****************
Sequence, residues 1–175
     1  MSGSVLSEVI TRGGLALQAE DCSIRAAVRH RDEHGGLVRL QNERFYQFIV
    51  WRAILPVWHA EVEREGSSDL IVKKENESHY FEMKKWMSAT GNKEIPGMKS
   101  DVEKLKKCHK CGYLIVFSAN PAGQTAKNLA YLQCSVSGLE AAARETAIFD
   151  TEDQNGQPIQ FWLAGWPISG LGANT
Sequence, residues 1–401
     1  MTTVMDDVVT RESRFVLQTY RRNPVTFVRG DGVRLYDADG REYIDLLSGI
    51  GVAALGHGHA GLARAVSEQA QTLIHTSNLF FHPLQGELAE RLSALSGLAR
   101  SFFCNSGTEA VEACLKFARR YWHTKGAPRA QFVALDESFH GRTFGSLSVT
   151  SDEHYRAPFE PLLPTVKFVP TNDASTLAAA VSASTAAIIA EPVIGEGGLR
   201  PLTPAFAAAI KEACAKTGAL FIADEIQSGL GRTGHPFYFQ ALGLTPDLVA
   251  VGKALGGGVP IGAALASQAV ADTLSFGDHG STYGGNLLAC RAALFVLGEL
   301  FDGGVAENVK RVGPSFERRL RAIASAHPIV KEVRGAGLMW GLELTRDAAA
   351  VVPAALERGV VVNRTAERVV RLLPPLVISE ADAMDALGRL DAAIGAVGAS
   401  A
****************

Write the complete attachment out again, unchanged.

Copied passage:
Sequence, residues 1–175
     1  MSGSVLSEVI TRGGLALQAE DCSIRAAVRH RDEHGGLVRL QNERFYQFIV
    51  WRAILPVWHA EVEREGSSDL IVKKENESHY FEMKKWMSAT GNKEIPGMKS
   101  DVEKLKKCHK CGYLIVFSAN PAGQTAKNLA YLQCSVSGLE AAARETAIFD
   151  TEDQNGQPIQ FWLAGWPISG LGANT
Sequence, residues 1–401
     1  MTTVMDDVVT RESRFVLQTY RRNPVTFVRG DGVRLYDADG REYIDLLSGI
    51  GVAALGHGHA GLARAVSEQA QTLIHTSNLF FHPLQGELAE RLSALSGLAR
   101  SFFCNSGTEA VEACLKFARR YWHTKGAPRA QFVALDESFH GRTFGSLSVT
   151  SDEHYRAPFE PLLPTVKFVP TNDASTLAAA VSASTAAIIA EPVIGEGGLR
   201  PLTPAFAAAI KEACAKTGAL FIADEIQSGL GRTGHPFYFQ ALGLTPDLVA
   251  VGKALGGGVP IGAALASQAV ADTLSFGDHG STYGGNLLAC RAALFVLGEL
   301  FDGGVAENVK RVGPSFERRL RAIASAHPIV KEVRGAGLMW GLELTRDAAA
   351  VVPAALERGV VVNRTAERVV RLLPPLVISE ADAMDALGRL DAAIGAVGAS
   401  A